TV & Movies

7 British Shows From Your Childhood That Would Make No Sense Today

From "BOGIES!" & talking statue heads to a scary Scottish man dressed up like a raven, Gen Z don't know what they're missing.

Every now and again there's nothing more comforting than a good old dose of nostalgia. For millennials, this tends to involve revisiting some of our favourite TV shows from the '90s and early noughties. But, have you ever put aside time to really study some of our generation's most-loved shows? Well, if you ever get around to it, you may soon realise that some of concepts are just... totally bizarre. In a way that flew straight over our heads amid the bliss of our youth. And to prove this theory, I've gathered together a list of eight British kids shows that would make absolutely no sense today.

Generation-defining shows such as the Jacqueline Wilson-inspired series Tracy Beaker, Neil Buchanan's Art Attack, the slapstick CBBC game show Dick & Dom in Da Bungalow, and many, many more, were staples of our after-school and Saturday morning telly. But despite their popularity way back when, the shows we were once obsessed with have absolutely not stood the test of time. In fact, show them to a kid in 2020, and you'll feel more ancient than you ever have done before.

In the era of social media and smart phones, reflecting on what was once deemed acceptable and entertaining can be something of an eye-opening experience — and if you ever fancy trip down memory lane, here are TV shows from your childhood that simply don't translate into the modern era.

Art Attack

PVA glue extraordinaire Neil Buchanan was the kids TV equivalent to Pablo Picasso, creating masterpieces with low-budget materials in his studio full of giant art equipment sculptures. And by masterpieces, I of course mean picture frames made out of sponges and line drawings painted with pieces of bread. No matter what was created, though, Buchanan's trusty sidekick – a talking statue head – was always there to encourage viewers to join in and try it at home.

Sadly, however, in an era of Youtube tutorials and Instagram art, this show may not have thrived in quite the same way. The poor kids of today will never experience the rush of seeing a Big Art Attack come to life and, for that, I feel truly sorry for them.

Tracy Beaker

Set within a children's care home nicknamed The Dumping Ground, this small-screen adaptation of Jacqueline Wilson's 1991 book is still beloved by many (hence the announcement of a reboot back in August). However, considering all the shenanigans Tracy and the gang got up to over the years, it's a miracle The Dumping Ground wasn't immediately shut down by local authorities. Today's kids, who are much more switched on than we ever were, would definitely have some questions.

Dick & Dom In Da Bungalow

There's only one word to describe CBBC game show Dick & Dom in Da Bungalow: chaotic. However, despite being one of the most ludicrous things on TV, this show enjoyed an impressive lifespan, airing more than 250 episodes across five seasons. However, I imagine the thought of two fully grown men repeatedly screaming the word "BOGIES!" in quiet public spaces wouldn't have quite the same appeal for Gen Z.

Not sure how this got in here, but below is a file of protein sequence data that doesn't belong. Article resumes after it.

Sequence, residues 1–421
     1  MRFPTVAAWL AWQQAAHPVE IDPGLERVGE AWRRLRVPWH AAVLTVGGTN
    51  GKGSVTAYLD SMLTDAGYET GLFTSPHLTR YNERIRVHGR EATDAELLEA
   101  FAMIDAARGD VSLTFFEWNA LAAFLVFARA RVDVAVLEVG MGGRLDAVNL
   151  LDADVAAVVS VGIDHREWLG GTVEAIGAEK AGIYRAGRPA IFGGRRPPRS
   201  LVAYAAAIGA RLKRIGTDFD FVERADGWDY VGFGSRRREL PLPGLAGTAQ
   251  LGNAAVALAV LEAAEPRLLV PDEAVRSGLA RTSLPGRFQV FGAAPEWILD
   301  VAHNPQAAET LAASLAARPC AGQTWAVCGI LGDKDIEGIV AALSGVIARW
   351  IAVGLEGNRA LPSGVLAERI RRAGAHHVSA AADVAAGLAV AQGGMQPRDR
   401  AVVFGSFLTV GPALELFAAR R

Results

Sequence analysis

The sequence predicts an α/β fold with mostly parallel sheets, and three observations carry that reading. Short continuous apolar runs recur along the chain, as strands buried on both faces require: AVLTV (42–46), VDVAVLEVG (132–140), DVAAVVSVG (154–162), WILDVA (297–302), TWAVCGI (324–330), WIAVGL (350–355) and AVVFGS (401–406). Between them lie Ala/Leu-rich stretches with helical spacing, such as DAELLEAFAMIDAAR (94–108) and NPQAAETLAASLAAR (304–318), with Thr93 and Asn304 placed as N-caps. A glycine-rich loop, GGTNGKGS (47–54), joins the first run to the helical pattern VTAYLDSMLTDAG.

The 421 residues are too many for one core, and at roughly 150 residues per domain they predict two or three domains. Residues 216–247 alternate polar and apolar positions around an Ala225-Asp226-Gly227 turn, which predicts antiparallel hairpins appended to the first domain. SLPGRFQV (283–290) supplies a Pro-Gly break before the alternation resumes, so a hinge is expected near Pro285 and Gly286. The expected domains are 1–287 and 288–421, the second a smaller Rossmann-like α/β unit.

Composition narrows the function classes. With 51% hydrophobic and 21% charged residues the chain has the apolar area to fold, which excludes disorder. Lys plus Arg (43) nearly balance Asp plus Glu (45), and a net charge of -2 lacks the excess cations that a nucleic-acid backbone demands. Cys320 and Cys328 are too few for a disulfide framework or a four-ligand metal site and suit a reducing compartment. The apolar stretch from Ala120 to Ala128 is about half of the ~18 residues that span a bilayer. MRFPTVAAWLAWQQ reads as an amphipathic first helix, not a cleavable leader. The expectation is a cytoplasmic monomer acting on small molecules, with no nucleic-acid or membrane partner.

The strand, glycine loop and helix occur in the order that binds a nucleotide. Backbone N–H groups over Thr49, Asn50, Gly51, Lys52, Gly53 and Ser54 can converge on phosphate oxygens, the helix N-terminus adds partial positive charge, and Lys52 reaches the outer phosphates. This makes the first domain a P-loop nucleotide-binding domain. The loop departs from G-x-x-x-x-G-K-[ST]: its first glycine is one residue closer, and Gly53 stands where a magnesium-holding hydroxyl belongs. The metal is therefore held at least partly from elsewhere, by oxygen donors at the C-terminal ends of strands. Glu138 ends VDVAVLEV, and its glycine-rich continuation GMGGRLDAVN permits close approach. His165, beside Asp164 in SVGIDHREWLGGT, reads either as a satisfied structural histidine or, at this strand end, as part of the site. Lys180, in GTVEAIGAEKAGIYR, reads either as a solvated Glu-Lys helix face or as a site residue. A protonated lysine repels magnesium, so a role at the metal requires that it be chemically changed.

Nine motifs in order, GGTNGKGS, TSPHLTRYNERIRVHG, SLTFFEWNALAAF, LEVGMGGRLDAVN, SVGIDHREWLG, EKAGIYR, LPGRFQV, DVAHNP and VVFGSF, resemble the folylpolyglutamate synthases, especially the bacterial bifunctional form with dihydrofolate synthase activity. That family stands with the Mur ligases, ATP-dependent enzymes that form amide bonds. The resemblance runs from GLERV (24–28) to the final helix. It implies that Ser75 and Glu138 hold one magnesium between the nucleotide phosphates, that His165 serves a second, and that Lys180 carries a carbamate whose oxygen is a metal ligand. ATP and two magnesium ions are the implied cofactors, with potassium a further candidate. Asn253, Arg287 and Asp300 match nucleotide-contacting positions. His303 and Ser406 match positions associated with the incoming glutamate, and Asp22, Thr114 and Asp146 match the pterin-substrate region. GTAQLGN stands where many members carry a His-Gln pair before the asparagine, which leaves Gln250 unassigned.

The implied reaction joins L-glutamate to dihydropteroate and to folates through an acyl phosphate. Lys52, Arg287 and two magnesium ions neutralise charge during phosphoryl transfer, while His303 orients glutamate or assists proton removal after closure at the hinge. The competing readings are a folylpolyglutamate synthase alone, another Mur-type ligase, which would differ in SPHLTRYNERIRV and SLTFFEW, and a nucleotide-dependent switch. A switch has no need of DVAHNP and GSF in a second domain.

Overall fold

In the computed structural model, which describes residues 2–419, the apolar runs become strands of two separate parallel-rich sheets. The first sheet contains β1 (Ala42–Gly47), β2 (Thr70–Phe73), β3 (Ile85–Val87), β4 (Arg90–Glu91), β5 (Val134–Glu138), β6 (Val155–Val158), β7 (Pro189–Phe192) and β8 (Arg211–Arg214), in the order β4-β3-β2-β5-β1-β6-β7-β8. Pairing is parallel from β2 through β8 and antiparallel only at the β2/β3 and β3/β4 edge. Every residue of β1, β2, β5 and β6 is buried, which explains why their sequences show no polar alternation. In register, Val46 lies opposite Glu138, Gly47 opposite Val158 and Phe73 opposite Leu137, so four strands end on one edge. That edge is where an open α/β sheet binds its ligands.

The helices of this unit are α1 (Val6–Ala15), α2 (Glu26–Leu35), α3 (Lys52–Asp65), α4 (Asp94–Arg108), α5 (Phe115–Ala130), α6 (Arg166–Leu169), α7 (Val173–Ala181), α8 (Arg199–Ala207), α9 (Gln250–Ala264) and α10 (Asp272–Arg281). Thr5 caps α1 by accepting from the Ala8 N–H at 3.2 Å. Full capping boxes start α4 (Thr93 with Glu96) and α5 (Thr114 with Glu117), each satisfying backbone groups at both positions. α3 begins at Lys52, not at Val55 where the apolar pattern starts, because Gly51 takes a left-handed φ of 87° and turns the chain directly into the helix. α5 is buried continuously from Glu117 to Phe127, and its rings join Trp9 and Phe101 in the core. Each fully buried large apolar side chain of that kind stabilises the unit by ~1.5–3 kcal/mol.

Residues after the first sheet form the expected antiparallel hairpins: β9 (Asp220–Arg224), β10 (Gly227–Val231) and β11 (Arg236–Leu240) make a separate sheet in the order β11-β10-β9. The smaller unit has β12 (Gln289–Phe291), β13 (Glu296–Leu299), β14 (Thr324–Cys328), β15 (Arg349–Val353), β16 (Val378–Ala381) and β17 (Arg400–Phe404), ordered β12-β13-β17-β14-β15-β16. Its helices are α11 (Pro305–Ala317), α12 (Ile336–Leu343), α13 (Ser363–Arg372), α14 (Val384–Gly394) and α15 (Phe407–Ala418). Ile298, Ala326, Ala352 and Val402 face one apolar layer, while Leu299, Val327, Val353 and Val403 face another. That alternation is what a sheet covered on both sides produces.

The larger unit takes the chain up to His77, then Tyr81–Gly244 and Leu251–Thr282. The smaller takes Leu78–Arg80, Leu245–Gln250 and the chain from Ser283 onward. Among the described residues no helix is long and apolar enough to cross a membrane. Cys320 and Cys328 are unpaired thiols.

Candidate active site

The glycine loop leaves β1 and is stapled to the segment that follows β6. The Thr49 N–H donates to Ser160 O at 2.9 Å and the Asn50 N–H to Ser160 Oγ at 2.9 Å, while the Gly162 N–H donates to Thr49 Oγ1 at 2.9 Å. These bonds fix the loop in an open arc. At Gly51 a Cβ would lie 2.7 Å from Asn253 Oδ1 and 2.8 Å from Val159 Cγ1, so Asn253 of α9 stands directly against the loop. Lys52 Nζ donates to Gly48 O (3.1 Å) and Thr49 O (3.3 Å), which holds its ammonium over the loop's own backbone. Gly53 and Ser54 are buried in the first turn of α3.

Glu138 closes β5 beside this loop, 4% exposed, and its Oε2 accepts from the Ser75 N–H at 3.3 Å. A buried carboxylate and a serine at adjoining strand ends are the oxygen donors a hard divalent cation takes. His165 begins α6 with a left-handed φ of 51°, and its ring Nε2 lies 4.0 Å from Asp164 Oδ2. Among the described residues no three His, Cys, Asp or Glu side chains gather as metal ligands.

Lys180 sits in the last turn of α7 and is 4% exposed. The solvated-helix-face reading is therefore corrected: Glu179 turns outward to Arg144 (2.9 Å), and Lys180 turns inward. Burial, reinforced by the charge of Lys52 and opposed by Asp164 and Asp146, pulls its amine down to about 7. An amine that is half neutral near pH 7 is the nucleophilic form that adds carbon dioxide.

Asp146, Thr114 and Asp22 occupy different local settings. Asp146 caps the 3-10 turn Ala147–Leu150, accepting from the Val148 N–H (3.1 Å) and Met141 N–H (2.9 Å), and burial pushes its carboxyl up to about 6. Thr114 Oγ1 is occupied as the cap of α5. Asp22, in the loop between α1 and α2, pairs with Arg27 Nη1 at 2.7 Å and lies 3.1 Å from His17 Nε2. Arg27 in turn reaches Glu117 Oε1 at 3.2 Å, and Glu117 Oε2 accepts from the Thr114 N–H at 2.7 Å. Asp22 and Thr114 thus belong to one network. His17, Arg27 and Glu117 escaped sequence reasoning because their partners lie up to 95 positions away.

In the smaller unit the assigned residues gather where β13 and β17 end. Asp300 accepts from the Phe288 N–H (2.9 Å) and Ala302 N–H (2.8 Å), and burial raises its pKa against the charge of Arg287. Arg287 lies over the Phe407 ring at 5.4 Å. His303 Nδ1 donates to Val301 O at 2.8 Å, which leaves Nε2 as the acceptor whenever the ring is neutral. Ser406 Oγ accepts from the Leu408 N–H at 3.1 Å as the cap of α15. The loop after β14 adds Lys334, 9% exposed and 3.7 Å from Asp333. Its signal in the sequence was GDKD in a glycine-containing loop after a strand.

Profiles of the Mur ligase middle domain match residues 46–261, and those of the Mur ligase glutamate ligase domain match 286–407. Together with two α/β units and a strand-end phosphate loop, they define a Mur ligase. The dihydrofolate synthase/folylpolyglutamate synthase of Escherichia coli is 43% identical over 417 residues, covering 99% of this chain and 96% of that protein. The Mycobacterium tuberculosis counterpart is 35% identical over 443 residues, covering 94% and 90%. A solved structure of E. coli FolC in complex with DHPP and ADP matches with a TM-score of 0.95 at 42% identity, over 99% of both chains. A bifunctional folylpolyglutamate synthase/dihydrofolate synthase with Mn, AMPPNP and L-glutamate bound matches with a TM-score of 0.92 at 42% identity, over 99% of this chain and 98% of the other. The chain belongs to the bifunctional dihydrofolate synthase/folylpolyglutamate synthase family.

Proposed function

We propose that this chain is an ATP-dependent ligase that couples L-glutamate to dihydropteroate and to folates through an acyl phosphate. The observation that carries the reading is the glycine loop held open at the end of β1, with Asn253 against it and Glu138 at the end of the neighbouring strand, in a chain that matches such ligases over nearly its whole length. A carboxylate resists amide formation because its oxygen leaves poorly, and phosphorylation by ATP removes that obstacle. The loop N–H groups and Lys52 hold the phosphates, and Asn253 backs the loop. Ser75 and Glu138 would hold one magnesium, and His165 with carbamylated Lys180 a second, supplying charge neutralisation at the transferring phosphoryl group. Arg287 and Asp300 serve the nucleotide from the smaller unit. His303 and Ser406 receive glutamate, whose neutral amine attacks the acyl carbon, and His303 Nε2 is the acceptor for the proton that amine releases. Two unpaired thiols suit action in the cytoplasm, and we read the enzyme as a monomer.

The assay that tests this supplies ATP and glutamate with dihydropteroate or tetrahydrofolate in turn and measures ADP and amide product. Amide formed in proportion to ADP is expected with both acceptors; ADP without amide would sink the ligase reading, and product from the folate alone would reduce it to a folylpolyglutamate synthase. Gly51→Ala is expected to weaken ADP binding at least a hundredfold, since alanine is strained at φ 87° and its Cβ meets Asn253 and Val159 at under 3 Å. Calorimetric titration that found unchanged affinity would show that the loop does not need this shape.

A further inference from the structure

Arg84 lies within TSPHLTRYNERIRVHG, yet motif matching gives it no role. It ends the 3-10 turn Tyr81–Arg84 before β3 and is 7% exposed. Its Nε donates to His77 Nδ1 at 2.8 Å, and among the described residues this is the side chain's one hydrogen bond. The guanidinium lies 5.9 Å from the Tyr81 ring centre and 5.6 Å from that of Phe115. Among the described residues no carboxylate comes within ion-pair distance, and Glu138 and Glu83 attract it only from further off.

The Queen's Nose

Adapted by Steve Attridge's novel of the same name, this popular BBC children's series centred on a magical 50 pence coin with the power to grant wishes. Although still held in high regard by some, The Queen's Nose is long past its sell-by date, and wouldn't make much sense with younger viewers today. Primarily because, with card and wireless payments now being the norm, the idea of a spare 50p coin lying around is almost as unrealistic as the magic itself.


Fronted by a fictional – and at times terrifying – Scottish warlord, this CBBC adventure game show saw six young contestants battle it out in a series of tricky challenges to be crowned the Ultimate Warrior. A decade after the show's original run, Raven appears way more brutal than many of us will remember, with genuinely difficult challenges, some pretty terrifying themes, and an elimination process that the kids of today might find a little too cut-throat. In hindsight, it was a lot.

Get Your Own Back

The show that took pettiness to the next level saw children compete in a series of challenges with the goal of winning the chance to dunk their parents and teachers into a gunge-filled tank. Although thrilling back in the early noughties, I'm not sure audiences would be quite so enthusiastic about the premise of children seeking revenge on their elders. It was fun whilst it lasted, though.


Before the days of Bear Grylls, this CBBC survival series saw children set out on treks throughout some of the world's harshest terrain. Although wonderfully entertaining, the show's participants carried out some pretty dodgy survival techniques. Frankly, I'm surprised questions weren't raised about the series sooner.

The Slammer

This prison-inspired children's talent show saw performers put on a show in front of kids in an effort to be released from the so-called slammer. One could argue the format is in quite poor taste, and I can't envision this series being released from obscurity anytime soon.